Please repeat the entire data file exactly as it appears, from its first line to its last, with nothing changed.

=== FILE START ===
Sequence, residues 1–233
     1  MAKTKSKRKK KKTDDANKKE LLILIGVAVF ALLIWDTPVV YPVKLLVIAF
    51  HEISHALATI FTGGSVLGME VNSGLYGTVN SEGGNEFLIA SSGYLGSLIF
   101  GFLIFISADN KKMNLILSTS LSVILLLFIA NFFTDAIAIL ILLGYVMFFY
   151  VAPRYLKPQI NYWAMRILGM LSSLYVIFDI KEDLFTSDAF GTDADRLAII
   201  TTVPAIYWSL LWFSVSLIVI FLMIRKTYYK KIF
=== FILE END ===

Sequence, residues 1–233
     1  MAKTKSKRKK KKTDDANKKE LLILIGVAVF ALLIWDTPVV YPVKLLVIAF
    51  HEISHALATI FTGGSVLGME VNSGLYGTVN SEGGNEFLIA SSGYLGSLIF
   101  GFLIFISADN KKMNLILSTS LSVILLLFIA NFFTDAIAIL ILLGYVMFFY
   151  VAPRYLKPQI NYWAMRILGM LSSLYVIFDI KEDLFTSDAF GTDADRLAII
   201  TTVPAIYWSL LWFSVSLIVI FLMIRKTYYK KIF